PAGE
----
Final Project

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The final project in this course offers you an opportunity to use what you've learned in this course to speak thoughtfully and directly to an audience of your choosing. The project builds from my frustration, as an instructor, with the plethora of good ideas that get trapped or stranded in the classroom. In many of my classes – and many classes, in general, I think – the semester ends with students writing and sharing thoughtful ideas with the professor, the GSIs, and other students in the class. As exciting as it is to hear those ideas, I am dismayed that all that hard work and good thinking doesn't get systematically shared beyond the classroom. I designed this project to challenge that pattern, precisely because I expect the learning and thinking we will do together might be something you might want to share with other people.

In this project, you will create a short presentation in some form designed to engage a particular audience and making a specific point within broader themes. Both the broader themes and specific point must relate to our course topics, but you have lots of space to expand and explore. This is an opportunity to explore your own interests, although we ask that you stay in conversation with your GSI and me throughout the process.

The elements of this project include each students deciding on the following:

THE BROAD THEME(S) - What are the broad themes your project will engage? If a broad theme doesn't immediately jump into your mind, one place to start would be our course syllabus. The title of each lecture presents a broad theme that you can pull from or build on. For instance, a student might be excited to create a project about Black feminisms, intimacy, or capitalism - all of which are topics introduced in lectures. It's also possible that a student will want to explore a broad theme not explicitly introduced through lecture, for instance intersectional perspectives on climate change or something the student noticed while majoring in Computer Science. The good news is that gender infuses human life, so you have plenty of room to move and I strongly suspect that we can figure out a gendered angle about almost any topic you're interested in.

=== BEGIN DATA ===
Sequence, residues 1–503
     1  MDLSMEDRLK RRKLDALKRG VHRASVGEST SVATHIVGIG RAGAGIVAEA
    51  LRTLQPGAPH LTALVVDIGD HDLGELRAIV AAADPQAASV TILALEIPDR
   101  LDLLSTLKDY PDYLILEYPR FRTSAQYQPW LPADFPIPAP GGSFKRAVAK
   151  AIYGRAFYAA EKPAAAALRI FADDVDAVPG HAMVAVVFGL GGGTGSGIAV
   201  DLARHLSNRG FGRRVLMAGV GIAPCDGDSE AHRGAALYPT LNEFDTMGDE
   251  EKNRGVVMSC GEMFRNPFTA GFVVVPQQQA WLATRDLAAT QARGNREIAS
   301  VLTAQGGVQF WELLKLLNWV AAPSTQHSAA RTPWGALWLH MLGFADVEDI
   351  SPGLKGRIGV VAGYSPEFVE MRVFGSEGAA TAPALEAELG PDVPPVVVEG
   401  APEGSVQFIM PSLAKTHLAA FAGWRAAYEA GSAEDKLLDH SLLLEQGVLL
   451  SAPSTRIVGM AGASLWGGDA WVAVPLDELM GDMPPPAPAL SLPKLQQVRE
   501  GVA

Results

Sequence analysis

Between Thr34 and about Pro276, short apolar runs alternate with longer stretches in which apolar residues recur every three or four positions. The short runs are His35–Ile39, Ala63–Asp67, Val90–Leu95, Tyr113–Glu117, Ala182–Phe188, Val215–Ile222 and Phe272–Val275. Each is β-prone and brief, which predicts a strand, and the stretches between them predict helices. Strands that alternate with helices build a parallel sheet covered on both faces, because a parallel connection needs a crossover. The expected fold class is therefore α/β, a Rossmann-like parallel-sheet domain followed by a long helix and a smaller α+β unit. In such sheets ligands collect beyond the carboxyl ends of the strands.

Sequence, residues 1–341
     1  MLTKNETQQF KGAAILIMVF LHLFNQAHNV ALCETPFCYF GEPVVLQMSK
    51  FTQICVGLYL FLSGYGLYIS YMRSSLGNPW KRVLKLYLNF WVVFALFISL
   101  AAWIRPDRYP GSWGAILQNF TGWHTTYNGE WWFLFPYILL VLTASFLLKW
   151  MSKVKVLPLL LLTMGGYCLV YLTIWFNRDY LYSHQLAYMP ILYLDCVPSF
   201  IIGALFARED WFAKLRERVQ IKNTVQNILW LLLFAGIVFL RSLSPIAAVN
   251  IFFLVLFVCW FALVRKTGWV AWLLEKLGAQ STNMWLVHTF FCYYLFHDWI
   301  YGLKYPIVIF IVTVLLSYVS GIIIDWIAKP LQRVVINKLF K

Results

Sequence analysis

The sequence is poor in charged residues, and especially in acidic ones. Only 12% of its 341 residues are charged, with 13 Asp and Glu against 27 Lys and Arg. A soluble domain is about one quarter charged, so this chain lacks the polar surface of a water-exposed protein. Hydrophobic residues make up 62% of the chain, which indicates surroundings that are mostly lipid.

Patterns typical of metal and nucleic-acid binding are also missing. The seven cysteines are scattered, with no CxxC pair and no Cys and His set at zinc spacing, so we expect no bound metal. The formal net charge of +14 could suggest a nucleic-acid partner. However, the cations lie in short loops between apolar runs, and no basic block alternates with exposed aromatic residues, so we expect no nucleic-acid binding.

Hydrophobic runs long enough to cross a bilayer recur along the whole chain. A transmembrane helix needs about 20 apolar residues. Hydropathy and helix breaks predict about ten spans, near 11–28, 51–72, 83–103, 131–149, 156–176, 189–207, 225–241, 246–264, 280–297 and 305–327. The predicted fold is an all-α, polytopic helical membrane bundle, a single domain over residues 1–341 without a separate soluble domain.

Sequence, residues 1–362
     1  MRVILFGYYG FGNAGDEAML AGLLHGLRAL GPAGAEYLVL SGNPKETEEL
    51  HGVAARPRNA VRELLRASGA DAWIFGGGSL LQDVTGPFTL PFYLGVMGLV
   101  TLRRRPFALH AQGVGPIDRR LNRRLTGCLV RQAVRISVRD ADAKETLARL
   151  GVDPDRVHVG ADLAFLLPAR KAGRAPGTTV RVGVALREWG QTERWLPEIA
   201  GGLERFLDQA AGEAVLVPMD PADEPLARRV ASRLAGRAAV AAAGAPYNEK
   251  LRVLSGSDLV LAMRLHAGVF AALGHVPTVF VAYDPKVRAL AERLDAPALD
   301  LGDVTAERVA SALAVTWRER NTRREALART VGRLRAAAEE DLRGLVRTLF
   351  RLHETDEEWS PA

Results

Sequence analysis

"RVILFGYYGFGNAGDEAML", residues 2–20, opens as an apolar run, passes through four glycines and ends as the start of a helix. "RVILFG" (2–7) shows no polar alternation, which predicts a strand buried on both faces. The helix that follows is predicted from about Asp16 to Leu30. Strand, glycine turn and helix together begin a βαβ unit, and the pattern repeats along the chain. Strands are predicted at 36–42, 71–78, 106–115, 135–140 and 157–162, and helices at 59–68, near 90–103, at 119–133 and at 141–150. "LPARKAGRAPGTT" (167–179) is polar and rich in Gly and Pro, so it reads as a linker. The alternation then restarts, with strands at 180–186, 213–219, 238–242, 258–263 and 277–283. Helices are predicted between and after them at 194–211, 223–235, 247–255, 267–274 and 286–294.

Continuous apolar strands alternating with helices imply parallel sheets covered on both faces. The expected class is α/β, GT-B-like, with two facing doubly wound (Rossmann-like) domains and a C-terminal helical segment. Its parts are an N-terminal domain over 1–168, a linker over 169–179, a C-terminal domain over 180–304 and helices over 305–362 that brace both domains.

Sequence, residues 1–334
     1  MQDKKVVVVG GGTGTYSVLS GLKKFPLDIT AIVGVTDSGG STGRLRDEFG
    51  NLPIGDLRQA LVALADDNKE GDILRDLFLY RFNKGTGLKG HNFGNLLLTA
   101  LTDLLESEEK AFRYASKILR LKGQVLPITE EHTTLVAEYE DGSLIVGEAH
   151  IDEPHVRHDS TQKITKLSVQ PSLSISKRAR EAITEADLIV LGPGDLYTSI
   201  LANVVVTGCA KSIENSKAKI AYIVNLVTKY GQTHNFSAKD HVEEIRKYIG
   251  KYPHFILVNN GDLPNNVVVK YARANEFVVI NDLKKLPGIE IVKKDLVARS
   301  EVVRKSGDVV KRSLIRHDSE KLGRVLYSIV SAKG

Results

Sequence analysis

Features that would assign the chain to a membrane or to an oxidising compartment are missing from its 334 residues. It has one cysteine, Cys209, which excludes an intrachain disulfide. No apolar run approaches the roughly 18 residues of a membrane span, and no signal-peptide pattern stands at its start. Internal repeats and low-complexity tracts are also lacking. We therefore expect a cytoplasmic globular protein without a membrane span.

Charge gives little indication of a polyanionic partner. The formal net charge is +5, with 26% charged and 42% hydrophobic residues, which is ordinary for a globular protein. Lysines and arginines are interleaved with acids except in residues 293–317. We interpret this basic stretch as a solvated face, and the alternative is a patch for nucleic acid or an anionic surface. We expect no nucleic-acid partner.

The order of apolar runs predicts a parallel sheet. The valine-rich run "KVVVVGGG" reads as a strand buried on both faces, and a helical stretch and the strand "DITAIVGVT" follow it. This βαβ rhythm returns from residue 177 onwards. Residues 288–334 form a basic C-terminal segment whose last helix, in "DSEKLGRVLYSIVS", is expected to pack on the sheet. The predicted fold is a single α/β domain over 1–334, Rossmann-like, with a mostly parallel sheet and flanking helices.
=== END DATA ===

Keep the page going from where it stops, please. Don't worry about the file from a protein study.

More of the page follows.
THE AUDIENCE - What specific audience do you want to engage and reach with this project? Because you will create the project in relation to the audience you choose, this is a big decision with serious ramifications. No matter the topic, imagine the difference between Topic X being presented to, say, elementary school students compared to University of Michigan undergraduates. When you build your project, you'll need to think about the basic assumptions and understandings that your audience holds, so you can better engage them and, hopefully, convince them of your main points.